In a roundtable discussion on December 3rd, Ambassador Eikka Kosonen and Prof Wolfgang Wessels (University of Cologne) examined the European Council’s role in shaping the External Action of the European Union (EU). Juha Jokela, Programme Director of the Finnish Institute of International Affairs (FIIA), chaired and Linda Dieke (University of Cologne) commented the discussion that was attended by about 45 participants.

Juha Jokela introduced to the topic raising the question, whether the institution of the European Heads of State or Government (HoSG) is truly a practical decision-making body in today’s foreign policy.

Prof Wessels answered to the questions pointing out a difference of this particular policy field: Unlike in other EU integration steps, where the European Council has been the key institution to decide on for instance all major treaty changes or economic and financial crisis mechanisms, it has been less active in the field of External Action. Theoretically, it is in charge of bridging the two pillars of the EU’s external action, namely of CFSP and External Economic Relations. However, although the provisions of the Lisbon Treaty have increased the respective functions of the European Council (see e.g. Art.22 (TEU)), and it is supposed to be the ‘voice’ as well as the ‘face’ of EU external action, the record of its output is mixed. Especially in its role as crisis manager it has been very hesitant from the beginning, which displayed, for instance, in the reaction to developments in Syria or Libya. The main reason for this behavior is the reluctance of the three largest Member States to agree on a common policy. Additionally, the interests of all 28 Member States are – also in geographical terms – very diverse. Furthermore, the EU is already a less independent decision-maker in this policy field, because it relies very much on the support of the USA.

Eikka Kosonen, who until recently served as an advisor in the Prime Minister’s Office of Finland, and who has long experience e.g. as Permanent Representative of Finland to the European Union, firstly placed the discussion into a wider perspective: The importance of the EU’s values in a global context, seen from its integration narrative, should not be forgotten. It would be astonishing that even a common European defense is considered nowadays. He however underlined that the European Union might be at a turning point now, with many crises having faced the Member States in the recent years. In this regard, no other institution than the European Council as ultimate decision-making body should take the responsibility of actions concerning terrorism, migration, defence and other core issues. For large states, a common policy might first seem like a limitation of action space – for the total of Member States, and especially the smaller ones (including Finland), it would rather be an opportunity to tackle common challenges. Lastly he emphasized that the matter would be less a question of the institutional organisation than of the political will of the leaders.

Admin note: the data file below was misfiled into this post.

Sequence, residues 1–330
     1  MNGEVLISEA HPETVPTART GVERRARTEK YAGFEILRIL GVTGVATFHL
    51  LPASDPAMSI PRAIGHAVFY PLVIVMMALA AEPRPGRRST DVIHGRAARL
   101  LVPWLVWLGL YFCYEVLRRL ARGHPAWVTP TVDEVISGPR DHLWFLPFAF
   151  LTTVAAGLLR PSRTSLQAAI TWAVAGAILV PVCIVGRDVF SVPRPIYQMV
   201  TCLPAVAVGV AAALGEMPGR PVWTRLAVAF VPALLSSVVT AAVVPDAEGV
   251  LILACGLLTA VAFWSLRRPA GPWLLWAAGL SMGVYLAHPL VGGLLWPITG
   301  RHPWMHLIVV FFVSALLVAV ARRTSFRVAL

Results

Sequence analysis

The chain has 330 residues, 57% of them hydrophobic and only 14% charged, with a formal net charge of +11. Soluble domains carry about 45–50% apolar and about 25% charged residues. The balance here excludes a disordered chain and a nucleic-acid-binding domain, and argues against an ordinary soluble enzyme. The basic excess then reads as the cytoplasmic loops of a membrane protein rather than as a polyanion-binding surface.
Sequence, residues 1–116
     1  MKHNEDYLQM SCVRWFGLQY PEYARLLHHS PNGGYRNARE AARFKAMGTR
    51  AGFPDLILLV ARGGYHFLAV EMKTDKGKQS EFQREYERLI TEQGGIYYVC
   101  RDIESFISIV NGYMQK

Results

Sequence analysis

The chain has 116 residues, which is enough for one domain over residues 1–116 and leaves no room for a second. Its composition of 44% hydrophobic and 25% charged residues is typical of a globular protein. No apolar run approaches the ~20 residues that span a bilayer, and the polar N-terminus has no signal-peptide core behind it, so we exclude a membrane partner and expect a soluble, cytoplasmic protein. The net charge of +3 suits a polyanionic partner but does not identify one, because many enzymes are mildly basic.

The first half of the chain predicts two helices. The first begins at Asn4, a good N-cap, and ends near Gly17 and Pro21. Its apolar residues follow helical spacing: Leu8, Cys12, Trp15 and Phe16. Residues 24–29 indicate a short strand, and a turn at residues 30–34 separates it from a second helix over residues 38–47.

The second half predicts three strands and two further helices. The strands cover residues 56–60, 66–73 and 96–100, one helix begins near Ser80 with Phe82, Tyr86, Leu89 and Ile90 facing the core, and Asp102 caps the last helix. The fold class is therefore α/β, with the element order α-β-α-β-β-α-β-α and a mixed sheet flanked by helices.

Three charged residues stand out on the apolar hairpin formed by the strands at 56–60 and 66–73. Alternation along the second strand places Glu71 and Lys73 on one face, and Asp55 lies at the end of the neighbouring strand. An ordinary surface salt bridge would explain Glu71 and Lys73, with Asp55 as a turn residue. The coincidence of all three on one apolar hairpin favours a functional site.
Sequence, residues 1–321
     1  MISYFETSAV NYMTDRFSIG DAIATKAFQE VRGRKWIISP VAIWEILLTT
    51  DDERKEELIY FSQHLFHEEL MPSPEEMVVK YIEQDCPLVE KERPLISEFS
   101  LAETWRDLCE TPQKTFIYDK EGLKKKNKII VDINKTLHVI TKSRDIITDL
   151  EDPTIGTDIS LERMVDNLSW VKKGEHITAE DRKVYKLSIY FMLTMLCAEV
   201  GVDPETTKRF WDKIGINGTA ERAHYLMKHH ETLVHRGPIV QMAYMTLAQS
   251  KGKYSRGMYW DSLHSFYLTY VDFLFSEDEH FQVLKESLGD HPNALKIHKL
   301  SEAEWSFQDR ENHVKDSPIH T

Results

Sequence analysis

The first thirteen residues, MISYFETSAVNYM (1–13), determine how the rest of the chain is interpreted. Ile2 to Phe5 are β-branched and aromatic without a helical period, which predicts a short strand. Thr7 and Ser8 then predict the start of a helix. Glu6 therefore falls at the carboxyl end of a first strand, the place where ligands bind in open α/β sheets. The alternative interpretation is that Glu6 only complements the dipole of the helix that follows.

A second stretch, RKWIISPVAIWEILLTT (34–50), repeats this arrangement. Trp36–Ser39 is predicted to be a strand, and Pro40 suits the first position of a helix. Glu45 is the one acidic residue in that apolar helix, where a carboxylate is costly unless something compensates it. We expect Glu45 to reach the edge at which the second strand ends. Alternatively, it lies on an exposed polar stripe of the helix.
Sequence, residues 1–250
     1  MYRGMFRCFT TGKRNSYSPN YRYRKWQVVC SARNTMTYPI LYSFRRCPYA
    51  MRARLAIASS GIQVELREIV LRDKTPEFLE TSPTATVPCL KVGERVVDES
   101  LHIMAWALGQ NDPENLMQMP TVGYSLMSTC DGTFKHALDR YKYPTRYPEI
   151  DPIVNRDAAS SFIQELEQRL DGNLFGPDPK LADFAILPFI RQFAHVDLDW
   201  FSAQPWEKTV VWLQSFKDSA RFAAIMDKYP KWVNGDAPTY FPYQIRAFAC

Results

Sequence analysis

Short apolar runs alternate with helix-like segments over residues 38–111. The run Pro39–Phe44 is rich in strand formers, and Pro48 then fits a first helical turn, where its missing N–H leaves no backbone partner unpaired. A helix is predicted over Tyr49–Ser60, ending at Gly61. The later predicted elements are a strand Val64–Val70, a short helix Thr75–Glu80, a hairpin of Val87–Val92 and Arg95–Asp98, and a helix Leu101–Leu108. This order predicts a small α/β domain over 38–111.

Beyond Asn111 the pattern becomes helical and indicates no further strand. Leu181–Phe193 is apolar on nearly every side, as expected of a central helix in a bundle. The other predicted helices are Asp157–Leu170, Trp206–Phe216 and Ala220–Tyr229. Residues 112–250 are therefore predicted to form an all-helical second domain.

Linda Dieke commented on the contributions and presented an overview of the European Council meetings of recent years and the External Action topics discussed at the summits. She pointed to a mismatch between the functions as laid down in the treaties, which see the European Council as providing strategic interests and long-term guidelines, and its agendas, which mostly include only short-term interventions to topical crises. In these matters, the European Council would not provide an added value to decisions taken and compromises made at preparatory levels of EU institutions. It would therefore be questionable, also regarding the sporadic nature of meetings of the HoSG, if other institutions should not immediately sign responsible for the EU’s external actions, without the (differences in the) European Council attracting the attention. In order to prevent an ‘expectations-capability-gap’, it should rather concentrate on the global strategies of the EU.

The following discussion included questions on the general possibilities of integrating this policy field, on whether the CFSP would not always remain a 29. European Foreign Policy, and on the fact that HoSG are focusing very much on their own performance’s impact on national opinion polls rather than on consensus-building. Also the question of the legitimacy of the European Council as decision-making body in external action was raised. In a conclusion, the participants agreed that finding a common external action policy would increase the EU’s global role, but institutional arrangement of the European Council as well as the political will of the HoSG for joint action still pose obstacles to this aim.

(Linda Dieke)